The Financial Planning Association’s leadership met with members of the press in San Diego on Saturday for a frank discussion of the organization’s size, advocacy efforts and “second decade” initiatives.
Participants included 2011 Board of Directors Chairman Dr. Tom Potts, President Marty Kurtz, 2012 President-Elect Paul Auslander and FPA Executive Director and CEO Marv Tuttle.
Tuttle began by noting the success of FPA 2011 Experience, with 2,124 total attendees, including what he called a “significant” overseas contingent of 200 international planners.
He said the organization’s overall membership numbers are in a period of “good stability that is starting to see an uptick” following the “dark days” of declining membership in 2008-2009 which mirrored the recession.
“We have 23,800 members currently. We had 23,500 members at this time last year, so we’re moving in the right direction,” Tuttle said. “Our retention of existing members is also solid, between 75% and 80%.”
He noted other countries are beginning to recognize the need for a standard of care among their financial advisors, and are looking to the FPA for help in doing so; Ireland, Brazil and India were three countries he named, and he said it’s an opportunity for FPA to expand internationally.
He moved to a recap of the recent “major firms” conference the organization hosted the day before the start of the annual conference. The event attracted 93 representatives from 45 major financial services firms. FINRA head Richard “Rick” Ketchum was a guest speaker.
“We might not share similar views on a number of issues, but Ketchum extended his outreach and we gladly accepted,” Tuttle said. “It was a good opportunity for him to meet and interact with some of the senior executives at these major firms. He took hardnosed questions on technology and oversight.”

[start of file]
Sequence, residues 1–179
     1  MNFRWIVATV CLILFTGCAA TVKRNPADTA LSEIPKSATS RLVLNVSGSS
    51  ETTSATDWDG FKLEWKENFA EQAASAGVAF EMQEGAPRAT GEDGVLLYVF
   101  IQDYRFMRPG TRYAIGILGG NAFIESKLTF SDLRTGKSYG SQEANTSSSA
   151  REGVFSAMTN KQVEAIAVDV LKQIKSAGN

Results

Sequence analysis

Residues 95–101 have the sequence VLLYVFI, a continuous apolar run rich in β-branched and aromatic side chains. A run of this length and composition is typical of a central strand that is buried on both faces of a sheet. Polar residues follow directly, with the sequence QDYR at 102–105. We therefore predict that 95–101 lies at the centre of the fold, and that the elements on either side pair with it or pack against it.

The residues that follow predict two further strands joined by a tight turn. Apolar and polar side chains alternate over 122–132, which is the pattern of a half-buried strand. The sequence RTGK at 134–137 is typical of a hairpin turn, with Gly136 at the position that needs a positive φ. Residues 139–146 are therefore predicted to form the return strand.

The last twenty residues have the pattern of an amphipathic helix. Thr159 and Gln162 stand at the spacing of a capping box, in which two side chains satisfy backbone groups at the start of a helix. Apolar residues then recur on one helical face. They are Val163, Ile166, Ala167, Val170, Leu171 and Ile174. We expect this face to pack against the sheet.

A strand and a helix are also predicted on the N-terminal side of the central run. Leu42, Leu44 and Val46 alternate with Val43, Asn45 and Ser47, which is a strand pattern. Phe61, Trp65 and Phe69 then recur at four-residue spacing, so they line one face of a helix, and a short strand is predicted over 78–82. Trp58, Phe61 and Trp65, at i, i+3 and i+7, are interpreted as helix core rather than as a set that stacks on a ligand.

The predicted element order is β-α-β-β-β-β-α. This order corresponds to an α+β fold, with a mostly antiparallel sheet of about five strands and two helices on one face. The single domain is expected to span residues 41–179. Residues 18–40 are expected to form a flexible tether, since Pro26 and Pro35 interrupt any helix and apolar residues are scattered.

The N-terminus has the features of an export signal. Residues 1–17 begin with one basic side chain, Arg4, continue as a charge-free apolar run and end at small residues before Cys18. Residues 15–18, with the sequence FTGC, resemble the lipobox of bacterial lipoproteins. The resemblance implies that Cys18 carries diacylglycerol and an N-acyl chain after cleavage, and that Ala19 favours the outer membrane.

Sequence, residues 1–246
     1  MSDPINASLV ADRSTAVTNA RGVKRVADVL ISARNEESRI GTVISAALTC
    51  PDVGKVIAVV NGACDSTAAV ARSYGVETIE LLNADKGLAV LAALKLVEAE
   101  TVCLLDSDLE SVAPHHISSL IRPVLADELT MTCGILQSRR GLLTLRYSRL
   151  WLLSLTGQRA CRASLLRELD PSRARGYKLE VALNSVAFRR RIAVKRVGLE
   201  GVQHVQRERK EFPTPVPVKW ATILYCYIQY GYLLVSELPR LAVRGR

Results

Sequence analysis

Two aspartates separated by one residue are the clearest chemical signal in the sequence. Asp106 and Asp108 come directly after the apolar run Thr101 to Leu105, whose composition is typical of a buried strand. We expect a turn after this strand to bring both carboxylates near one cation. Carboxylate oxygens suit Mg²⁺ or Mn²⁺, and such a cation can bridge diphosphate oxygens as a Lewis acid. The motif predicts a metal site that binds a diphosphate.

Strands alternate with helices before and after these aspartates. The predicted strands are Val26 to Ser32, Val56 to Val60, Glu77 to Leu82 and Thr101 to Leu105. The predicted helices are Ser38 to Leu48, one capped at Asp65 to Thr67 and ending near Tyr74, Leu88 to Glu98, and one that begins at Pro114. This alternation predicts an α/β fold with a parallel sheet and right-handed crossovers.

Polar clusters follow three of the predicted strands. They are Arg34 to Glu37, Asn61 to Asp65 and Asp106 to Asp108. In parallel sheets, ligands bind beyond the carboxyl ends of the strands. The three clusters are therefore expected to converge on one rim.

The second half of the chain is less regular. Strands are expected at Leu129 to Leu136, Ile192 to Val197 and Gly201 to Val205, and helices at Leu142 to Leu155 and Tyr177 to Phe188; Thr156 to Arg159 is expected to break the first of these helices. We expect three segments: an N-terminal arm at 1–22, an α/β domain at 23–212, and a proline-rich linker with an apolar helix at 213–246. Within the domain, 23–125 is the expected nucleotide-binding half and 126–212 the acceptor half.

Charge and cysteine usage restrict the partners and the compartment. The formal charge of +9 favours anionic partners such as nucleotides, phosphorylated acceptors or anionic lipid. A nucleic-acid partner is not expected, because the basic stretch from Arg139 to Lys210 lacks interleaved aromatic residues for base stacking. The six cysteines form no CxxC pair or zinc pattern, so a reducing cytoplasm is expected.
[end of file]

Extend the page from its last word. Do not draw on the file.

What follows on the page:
Turning to the state of the FPA, he noted the “competitive” environment for associations and non-profits. He mentioned a development study recently initiated by Marty Kurtz to help evaluate ways in which to reorganize and grow the organization. He said it is currently being performed and the results will be presented to the board in November with a planned implementation date of the beginning of 2012. Some of the ways that FPA can differentiate itself in this more competitive environment, said Tuttle, was to encourage more students to join FPA, to encourage diversity in its membership ranks and in the kinds of clients members serve and to increase its efforts in the academic community, in particular through encouraging and finding ways to fund “hard-core research.”
Speaking of the FPA’s advocacy efforts, Tuttle rhetorically asked how best to continue to build a presence in Washington.
“It’s not an area in which many of our members understand our potential impact,” he said. “Up until now we’ve been apolitical; I think we need to shed that a little bit. We have to get our voice heard.”
In order to do so, he said he wants more from members than just their annual dues.
“Our focus is on having the SEC as the regulatory body for the financial planning profession,” he said. “They have a tough road to hoe. How would people in Congress make that happen, especially with Republicans struggling with the effectiveness of the SEC? Certainly oversight needs to improve and they should get the resources they need. We’ve been a vocal minority in advocating for that.”
He added that the Financial Planning Coalition (comprising the FPA, National Association of Personal Financial Advisors (NAPFA) and Certified Financial Planner Board of Standards) “led the charge for federal oversight of financial planners to be included in the Dodd-Frank financial reform act.”
“We didn’t get it in, but we got them interested in asking more questions about the financial planning community and what it does.”
Marty Kurtz then noted the rollout of FPA Connect, a new social media platform Kurtz says is similar to Facebook and LinkedIn.
“It’s a culmination of ‘how do we bring our community of communities together?’” Kurtz explained. “We wanted to do it for awhile, but the technology is now to a point where it is cost-effective. It’s an area where the owners of the CFP mark can come together for meaningful discussions with peers.”